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HSE targets construction in mental health initiative

16 Nov 21 Construction is one of five sectors being specifically targeted in a new campaign aimed at helping businesses recognise the signs of work-related stress.

The Health & Safety Executive (HSE) says that mental health issues are the number one reason given for sick days in across the UK economy. Last year more than 17 million working days were lost as a result of stress, anxiety, or depression.

In response HSE is launching a campaign, ‘Working Minds’, to help businesses recognise the signs of work-related stress.

The Working Minds campaign has partnered with other organisations, including the charity Mates in Mind. HSE wants to see a culture change across Britain’s workplaces to get psychological risks treated the same as physical ones in health and safety risk management.

HSE chief executive Sarah Albon said: “Work-related stress and poor mental health should be treated with the same significance as risks of poor physical health and injury. In terms of the affect it has on workers, significant and long-term stress can limit performance and impact personal lives. No worker should suffer in silence and if we don’t act now to improve workers’ mental health, this could evolve into a health and safety crisis.

“The pandemic has highlighted the need to protect the health of employees who have faced unprecedented challenges; the government is committed to building back better and we want to make sure good mental health is central to this.”

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HSE is reminding business that no matter where people work, employers have a legal duty to assess the risks in the workplace, not just in terms of potential hazards and physical safety. They should also promote good working practices. It says this promotes an open environment where employees can share their concerns and discuss options to ease pressures.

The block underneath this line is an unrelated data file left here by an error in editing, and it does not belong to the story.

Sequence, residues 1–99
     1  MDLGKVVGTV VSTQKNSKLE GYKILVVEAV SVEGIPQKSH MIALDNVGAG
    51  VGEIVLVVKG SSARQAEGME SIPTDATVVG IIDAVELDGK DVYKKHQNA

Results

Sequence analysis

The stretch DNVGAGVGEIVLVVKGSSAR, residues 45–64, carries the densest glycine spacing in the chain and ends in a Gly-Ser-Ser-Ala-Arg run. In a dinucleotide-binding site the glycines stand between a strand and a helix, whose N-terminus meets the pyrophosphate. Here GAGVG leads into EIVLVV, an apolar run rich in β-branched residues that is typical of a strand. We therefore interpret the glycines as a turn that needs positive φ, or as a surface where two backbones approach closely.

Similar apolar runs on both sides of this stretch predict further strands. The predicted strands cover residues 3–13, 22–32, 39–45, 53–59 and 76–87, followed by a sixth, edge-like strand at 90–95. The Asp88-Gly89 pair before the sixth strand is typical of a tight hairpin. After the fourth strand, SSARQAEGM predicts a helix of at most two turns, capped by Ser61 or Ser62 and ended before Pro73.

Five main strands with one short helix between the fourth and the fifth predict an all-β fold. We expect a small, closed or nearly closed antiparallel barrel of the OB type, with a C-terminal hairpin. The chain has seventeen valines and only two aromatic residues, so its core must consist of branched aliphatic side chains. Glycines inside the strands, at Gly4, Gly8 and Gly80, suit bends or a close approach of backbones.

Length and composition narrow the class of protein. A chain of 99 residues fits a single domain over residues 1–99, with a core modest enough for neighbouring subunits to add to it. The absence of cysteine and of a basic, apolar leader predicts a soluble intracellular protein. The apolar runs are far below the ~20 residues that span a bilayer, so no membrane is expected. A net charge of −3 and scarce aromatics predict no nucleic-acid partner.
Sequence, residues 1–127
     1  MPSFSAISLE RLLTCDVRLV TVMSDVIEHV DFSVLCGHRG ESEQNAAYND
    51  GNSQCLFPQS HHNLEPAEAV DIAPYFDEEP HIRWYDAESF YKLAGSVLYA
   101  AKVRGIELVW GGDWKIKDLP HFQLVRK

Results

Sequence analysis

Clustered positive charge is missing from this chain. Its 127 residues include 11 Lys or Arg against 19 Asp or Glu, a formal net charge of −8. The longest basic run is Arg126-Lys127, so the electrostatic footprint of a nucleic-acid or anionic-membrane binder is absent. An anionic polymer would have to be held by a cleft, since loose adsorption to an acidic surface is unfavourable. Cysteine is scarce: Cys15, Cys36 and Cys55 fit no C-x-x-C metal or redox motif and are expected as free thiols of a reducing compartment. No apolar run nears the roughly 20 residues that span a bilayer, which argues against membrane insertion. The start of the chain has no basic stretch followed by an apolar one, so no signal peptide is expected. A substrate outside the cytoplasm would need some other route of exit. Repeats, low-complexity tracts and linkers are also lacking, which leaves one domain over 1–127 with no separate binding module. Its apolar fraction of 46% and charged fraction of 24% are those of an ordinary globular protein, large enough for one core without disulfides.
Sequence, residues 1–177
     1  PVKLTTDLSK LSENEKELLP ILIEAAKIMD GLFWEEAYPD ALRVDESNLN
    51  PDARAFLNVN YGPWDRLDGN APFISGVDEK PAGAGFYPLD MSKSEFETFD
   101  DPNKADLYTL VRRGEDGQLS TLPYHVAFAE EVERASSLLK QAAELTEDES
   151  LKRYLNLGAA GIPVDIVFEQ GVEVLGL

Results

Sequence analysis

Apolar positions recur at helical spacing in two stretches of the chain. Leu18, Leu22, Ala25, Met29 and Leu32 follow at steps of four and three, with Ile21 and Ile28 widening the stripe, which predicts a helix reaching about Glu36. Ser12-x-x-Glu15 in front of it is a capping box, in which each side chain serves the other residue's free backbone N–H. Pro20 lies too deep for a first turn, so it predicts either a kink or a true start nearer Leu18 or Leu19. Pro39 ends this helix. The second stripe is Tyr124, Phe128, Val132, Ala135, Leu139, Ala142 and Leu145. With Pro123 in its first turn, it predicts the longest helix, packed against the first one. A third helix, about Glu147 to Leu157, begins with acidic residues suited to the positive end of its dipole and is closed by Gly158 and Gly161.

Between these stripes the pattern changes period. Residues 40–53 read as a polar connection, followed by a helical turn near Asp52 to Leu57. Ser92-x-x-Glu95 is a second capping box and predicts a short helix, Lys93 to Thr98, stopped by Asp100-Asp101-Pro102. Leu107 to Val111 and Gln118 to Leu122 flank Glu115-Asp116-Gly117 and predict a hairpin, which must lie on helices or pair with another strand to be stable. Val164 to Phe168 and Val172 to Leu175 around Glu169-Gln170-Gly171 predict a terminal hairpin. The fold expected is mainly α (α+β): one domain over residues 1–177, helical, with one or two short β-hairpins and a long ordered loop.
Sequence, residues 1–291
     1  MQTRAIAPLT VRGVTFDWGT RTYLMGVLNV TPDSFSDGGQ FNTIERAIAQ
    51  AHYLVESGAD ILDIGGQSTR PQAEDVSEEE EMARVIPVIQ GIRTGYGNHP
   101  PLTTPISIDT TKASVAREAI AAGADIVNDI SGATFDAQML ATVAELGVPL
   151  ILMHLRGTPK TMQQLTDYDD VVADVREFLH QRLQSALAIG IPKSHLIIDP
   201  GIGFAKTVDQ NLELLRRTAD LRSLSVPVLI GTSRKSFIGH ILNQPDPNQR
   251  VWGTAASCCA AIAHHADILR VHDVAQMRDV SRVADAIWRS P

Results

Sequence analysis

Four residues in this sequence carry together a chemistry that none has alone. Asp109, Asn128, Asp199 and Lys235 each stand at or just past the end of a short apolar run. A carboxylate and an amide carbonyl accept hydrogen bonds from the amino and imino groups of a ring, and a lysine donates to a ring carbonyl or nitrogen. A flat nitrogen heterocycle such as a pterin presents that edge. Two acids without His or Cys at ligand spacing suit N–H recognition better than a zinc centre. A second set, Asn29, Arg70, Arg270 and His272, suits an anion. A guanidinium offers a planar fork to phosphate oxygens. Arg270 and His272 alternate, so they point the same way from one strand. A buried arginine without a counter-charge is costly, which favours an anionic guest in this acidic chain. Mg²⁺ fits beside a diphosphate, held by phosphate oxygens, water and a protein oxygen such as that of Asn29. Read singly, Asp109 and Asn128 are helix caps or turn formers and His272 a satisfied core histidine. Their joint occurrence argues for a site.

Sarah Albon added: “Our campaign is focused on giving employers a clear reminder of their duties while championing reducing work-related stress and promoting good mental health at work.”

Mates in Mind managing director Sarah Casemore added: “The mental health challenge, particularly related around workplace stress is really important to discuss. The impacts of work-related stress are significant and can affect anyone at any time, but they’re still not consistently approached and addressed in workplaces across construction. Many people are leaving their jobs across construction each year due to mental health reasons.”

Dane Krambergar, head of workplace wellbeing services at Mind, another campaign partner, said: “This campaign couldn’t have come at a better time, given the impact the pandemic has taken on employers and staff.  We recently surveyed over 40,000 staff working across 114 organisations. Two in five (41%) employees told us their mental health had worsened during the pandemic.”

For more information about the Working Minds campaign see www.workright.campaign.gov.uk/working-minds.

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